I watched a movie recently, a Sci-Fi thriller exploring the concepts of time travel and paradoxes. It was a masterful script and a movie that never saw any notoriety, sadly enough. But being a bit too cerebral at times, I couldn’t help but continue the mental exploration of paradoxes. A paradox isn’t a word we use every day, so at its most simple, it means an apparent self-contradictory statement or proposition, yet one that makes total sense. A common expression we use to explain a paradox is this, that “you have to spend money to make money”. It’s an apparently contradictory statement that makes sense to us. We “get” it.
Then I started thinking about things spiritually. About spiritual paradoxes, or at least apparent ones, and it lead me to the title of this new blog post.
Should we forgive God?
A few years ago I remember reading an article published online by a Christian website that explored this idea, so I’m not the first person to offer it up for scrutiny. And the “religious” crowd is unable to entertain this fascinating concept. “God is perfect”, they argue, “therefore there is nothing to forgive”.
I agree 100% that God is perfect in all His ways. I disagree with the second statement. While God Himself, in His triune splendor, is absolutely perfect and holy and just, His creation, mankind, is not. We are flawed, broken, degenerate, often hopeless, lost and aimless. We are far from spiritual perfection.
How does this tie in to the subject at hand?
God is perfect. Omniscient. Omnipresent. Omnipotent. No beginning nor end. Fully good, the veritable definition of love.
If God is perfect and does no wrong, why would I talk about forgiving Him?
I am not perfect. I have limited sight, limited control, a finite lifespan, and incapable of selfless love apart from Jesus.
See, God works in the eternal, outside of the tight confines of our rigid, time-locked lives. He operates from a perspective of total and complete understanding of every individual thing that happens on the spectrum of time because He created time itself and exists independently of it. This means that this most masterful Weaver is constantly weaving a more and more intricate story for our lives, working things out within time, behind the scenes of our lives where we cannot see or grasp, but can only lay hold onto faith and trust.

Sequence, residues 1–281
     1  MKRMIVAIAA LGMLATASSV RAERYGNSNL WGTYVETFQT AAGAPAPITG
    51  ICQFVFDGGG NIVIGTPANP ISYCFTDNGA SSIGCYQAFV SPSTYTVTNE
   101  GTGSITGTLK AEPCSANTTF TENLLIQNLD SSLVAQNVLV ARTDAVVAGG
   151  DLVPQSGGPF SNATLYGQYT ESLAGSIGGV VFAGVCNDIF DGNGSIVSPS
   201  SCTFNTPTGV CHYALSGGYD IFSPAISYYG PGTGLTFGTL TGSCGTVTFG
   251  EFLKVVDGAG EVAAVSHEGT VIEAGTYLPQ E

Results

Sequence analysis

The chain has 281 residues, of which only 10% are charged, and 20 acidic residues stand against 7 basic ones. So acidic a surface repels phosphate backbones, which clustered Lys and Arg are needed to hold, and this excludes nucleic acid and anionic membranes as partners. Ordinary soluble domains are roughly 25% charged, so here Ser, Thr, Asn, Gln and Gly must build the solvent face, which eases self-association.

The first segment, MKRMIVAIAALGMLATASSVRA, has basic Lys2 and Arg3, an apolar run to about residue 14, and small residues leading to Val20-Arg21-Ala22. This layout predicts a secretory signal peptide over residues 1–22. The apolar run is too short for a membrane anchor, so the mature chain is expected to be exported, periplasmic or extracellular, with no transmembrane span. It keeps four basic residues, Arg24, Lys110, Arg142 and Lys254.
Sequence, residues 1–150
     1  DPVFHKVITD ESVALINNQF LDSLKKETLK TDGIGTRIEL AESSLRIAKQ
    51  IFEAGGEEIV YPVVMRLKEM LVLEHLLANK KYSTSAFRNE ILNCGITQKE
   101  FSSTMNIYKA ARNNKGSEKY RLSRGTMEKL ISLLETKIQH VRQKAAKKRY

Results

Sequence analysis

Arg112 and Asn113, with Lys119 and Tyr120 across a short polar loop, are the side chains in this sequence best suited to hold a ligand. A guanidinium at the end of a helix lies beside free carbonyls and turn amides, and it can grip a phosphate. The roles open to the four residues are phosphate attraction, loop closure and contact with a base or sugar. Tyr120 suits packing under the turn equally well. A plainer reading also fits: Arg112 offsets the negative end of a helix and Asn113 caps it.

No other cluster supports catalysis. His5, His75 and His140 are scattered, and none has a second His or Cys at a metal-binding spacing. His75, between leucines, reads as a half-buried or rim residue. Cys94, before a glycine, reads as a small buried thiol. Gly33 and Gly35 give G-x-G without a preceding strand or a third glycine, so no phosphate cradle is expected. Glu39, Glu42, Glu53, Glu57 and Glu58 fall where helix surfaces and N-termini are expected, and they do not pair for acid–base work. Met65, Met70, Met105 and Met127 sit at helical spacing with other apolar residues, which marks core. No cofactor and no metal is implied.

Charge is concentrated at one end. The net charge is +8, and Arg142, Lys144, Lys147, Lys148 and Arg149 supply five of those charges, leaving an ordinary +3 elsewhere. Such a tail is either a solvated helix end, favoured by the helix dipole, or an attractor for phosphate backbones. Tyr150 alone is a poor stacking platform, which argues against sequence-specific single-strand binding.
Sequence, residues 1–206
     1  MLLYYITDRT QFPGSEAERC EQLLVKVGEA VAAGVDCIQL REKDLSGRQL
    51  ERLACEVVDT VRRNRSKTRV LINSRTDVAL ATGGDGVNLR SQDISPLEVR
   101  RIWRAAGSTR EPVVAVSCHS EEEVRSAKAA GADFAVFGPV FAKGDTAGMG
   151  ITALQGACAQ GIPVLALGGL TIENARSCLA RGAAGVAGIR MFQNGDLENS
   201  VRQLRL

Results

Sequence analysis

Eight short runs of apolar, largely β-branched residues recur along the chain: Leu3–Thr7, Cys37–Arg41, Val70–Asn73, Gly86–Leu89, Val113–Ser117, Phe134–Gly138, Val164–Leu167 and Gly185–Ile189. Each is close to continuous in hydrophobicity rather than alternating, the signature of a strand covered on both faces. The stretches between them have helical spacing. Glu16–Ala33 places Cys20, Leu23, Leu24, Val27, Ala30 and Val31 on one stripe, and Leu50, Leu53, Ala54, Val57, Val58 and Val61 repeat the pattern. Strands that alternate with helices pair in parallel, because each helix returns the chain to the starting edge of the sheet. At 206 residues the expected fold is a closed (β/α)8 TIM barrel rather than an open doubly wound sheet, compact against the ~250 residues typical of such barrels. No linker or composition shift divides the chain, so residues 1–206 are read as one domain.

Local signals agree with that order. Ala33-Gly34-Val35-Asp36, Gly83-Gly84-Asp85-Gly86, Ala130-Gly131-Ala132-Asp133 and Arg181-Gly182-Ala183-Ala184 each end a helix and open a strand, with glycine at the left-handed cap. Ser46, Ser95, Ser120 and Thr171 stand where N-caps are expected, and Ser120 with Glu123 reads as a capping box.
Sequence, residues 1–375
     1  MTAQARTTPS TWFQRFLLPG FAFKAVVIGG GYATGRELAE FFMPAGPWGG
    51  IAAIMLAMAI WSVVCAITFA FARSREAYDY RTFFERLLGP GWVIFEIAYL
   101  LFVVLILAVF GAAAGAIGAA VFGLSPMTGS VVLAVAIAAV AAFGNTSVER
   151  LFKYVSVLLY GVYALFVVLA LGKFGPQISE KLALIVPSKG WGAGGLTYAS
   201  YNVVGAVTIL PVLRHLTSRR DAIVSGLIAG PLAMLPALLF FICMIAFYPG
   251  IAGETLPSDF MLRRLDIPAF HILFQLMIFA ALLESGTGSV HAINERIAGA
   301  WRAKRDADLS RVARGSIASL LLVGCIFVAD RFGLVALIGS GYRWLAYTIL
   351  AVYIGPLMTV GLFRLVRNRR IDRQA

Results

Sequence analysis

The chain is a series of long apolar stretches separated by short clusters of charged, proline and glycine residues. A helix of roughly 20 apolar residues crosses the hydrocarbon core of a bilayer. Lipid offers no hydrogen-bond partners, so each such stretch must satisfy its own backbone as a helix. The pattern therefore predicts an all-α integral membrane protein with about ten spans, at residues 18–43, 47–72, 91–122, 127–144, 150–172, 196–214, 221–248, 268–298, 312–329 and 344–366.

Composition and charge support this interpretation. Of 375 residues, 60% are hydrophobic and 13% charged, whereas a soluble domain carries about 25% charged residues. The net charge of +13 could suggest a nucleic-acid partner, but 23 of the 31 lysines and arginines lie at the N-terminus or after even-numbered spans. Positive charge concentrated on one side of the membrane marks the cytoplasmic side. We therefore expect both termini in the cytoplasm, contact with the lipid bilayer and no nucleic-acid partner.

There are times in all of our lives when God acts in ways that are unbecoming, according to our human thought processes.
- When the sick child dies after much prayer, is God good?
- When the marriage falls apart after years of struggling to hold it together, where is God?
- When a people group commits genocide against their own people in the name of their deity, why does the real God not act?
- When all that we value is crumbling around us and we are powerless to stop it, powerless to prevent it, powerless to escape, and our prayers bounce off of the glass ceiling of heaven… how can we trust that God is good?
As I said, God functions by His own perfect understanding of a situation, with all of the context that eternity provides, and all of the power required to affect any change or decision that He wills. And God is fully good, the veritable definition of love.
Most of us would acknowledge that, however most of us also bear grudges against Him. Most of us have hidden hurts we attribute to His failure, or His capriciousness. Most of us, if we strip the veil of hypocrisy back and look at the bleeding soul, will find that we have been hurt, damaged, broken, as we see it, by this perfect God.
And hurt hurts. It causes bitterness. The “where were You, God”, and the “why didn’t You answer?” questions can become cancerous in our spirits. We lose faith in the efficacy of prayer, we lose hope in a God of restoration, we become embittered and frustrated and angry. “Yes, God is good”, we say, “but He was not good to ME when He allowed… [Fill in your own hurt].”